Below the lithosphere, the part of the mantle called the asthenosphere is subject to a very slow movement ( a few cm per year) called plastic flow. Because it is hotter at the bottom than at the top, it sets up convection currents as shown in the diagram to the left.
(In three dimensions, the convection cells actually form approximate hexagons and pentagons. A visualisation of that is here .)

Above the rising asthenosphere, the lithosphere is pulled apart. This causes deep faults and pressure release. Both processes trigger partial melting in the mantle, forming basalt magma. This rises, some of it is erupted to form basalt pillow lavas and related structures. More solidifies below the surface as gabbro and similar rocks. Together, this material becomes oceanic crust.
The newly formed crust, and its attached lithospheric mantle, is pulled away from the place of eruption by drag from the asthenospheric convection (called 'slab pull'). As it moves away, it cools and shrinks. This means that the centre, above the rising convection, is raised because of heating and expansion. It forms a mid-ocean ridge. In the centre of the ridge is a rift valley, formed by forces pulling apart the crust.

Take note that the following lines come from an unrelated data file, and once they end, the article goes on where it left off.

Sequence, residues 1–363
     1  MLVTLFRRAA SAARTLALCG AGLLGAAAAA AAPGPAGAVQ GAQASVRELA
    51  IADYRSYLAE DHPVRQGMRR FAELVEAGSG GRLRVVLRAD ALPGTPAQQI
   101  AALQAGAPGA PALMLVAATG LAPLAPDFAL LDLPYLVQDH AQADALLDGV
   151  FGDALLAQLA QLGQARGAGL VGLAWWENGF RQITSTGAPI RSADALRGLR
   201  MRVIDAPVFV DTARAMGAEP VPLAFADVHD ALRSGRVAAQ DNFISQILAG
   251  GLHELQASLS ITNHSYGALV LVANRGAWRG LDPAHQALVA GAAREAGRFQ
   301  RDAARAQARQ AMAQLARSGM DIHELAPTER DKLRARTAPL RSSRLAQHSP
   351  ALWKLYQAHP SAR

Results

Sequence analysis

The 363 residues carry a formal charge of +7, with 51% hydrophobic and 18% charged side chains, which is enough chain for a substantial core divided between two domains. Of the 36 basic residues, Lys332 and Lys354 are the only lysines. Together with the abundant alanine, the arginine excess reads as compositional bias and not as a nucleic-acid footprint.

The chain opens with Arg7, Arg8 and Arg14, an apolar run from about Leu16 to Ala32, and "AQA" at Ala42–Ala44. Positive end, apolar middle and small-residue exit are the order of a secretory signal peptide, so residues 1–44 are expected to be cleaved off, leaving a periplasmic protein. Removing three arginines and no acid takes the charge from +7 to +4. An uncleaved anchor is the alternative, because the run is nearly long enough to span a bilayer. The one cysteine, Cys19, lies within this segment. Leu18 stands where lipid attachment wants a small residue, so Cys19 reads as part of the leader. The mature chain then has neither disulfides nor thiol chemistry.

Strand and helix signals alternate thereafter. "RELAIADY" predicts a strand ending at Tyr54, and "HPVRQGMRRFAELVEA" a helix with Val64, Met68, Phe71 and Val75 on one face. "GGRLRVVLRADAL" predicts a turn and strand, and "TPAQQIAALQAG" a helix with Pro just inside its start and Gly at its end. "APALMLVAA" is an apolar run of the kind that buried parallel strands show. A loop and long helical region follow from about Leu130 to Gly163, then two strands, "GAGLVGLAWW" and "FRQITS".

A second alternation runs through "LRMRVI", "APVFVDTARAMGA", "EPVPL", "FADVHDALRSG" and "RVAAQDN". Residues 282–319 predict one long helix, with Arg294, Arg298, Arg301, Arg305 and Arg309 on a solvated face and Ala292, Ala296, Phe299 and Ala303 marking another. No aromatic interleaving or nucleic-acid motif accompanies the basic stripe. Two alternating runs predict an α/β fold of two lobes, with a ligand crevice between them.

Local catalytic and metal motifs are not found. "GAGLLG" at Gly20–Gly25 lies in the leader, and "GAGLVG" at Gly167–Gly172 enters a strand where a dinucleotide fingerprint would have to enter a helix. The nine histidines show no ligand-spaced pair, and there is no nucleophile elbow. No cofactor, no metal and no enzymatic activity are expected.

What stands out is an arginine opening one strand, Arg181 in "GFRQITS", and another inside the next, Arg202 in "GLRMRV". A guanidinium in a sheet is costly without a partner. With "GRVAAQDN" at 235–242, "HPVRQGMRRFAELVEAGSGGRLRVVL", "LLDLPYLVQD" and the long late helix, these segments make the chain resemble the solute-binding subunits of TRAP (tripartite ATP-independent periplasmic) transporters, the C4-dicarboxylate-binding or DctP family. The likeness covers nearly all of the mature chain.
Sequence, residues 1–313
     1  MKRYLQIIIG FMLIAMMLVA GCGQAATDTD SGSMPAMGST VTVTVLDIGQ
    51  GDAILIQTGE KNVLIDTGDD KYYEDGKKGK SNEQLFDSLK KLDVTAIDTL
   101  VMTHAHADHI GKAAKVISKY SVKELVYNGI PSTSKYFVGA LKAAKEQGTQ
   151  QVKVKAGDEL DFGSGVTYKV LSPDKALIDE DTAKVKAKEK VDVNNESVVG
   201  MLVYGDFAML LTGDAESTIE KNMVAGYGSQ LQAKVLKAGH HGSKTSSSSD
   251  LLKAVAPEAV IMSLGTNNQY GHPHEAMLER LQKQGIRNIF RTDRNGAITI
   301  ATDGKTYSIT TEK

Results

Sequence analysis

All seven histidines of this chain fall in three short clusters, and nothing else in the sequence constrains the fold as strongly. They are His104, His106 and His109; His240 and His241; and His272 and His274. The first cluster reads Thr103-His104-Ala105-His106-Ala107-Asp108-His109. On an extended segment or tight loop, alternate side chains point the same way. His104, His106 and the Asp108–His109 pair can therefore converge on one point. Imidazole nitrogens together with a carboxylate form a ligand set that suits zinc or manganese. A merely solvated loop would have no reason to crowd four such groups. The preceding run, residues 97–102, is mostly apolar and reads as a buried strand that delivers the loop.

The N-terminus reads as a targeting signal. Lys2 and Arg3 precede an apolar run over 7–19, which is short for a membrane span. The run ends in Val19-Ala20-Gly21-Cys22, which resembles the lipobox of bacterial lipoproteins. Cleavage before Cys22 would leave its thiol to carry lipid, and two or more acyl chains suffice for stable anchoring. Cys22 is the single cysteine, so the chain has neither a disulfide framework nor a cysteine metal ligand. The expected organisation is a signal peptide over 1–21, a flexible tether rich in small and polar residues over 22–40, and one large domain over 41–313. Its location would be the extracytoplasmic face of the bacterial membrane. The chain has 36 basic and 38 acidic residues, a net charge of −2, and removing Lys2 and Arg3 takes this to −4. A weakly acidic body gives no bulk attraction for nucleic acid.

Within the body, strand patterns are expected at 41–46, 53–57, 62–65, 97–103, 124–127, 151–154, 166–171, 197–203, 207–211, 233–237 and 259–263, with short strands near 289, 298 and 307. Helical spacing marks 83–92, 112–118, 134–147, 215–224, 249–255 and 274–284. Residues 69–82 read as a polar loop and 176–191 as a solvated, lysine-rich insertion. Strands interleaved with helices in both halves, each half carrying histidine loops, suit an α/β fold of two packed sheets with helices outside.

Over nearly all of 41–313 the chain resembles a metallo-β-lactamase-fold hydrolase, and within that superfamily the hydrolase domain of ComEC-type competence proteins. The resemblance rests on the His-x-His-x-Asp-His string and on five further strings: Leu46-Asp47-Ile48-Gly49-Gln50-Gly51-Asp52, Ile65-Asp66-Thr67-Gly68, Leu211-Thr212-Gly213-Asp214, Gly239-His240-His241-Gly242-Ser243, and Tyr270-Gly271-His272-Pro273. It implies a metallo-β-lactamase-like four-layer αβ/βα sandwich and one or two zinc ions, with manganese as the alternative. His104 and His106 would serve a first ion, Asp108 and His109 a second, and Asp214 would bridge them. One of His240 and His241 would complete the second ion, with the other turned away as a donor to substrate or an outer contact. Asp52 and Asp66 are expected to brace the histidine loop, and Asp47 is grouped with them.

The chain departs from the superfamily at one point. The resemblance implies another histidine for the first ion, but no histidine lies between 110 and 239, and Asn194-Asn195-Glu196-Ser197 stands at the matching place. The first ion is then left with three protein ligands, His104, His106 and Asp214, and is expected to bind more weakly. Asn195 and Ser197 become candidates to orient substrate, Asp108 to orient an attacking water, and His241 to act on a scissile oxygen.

Sea-floor striping

Oceanic_magnetic_striping_example.gifThe oceanic crust is younger closer to the ridge and older further away, in a symmetrical pattern on either side of the rift. As it cools down, it records the direction of the Earth's magnetic field at the time of formatio. The Earth's field reverses from time to time, resultng in a pattern of magnetic 'stripes' either side of the ridge as shown in the diagram to the right. This pattern greatly surprised geologists when it was first discovered, and when the hypothesis about how it was formed was put forward it formed some of the most powerful evidence for the then-new theory of plate tectonics. Geologists could carefully count the stripes all around the world, and the stripe counts and age of the basalts as determined by radiometric dating (potassium-argon or K-Ar dating) matched in many different places. This is something that would be very difficult to explain in any other way. The ability of a theory to make predictions like this is strong evidence that the theory is correct (something the Young Earth Creationists conveniently ignore).



How a new plate gets started: a new zone of rising asthenosphere can form below a continent (this is because the continental crust acts like a blanket, holding in heat and warming the mantle below it). When this happens, the continent starts to break up. The pull apart forces create a rift valley, such as the East Africa Rift. After a few million years, this widens into a narrow sea such as the Red Sea. As the sea further widens, a mid ocean ridge forms. This is how New Zealand broke off from Gondwana about 80 million years ago.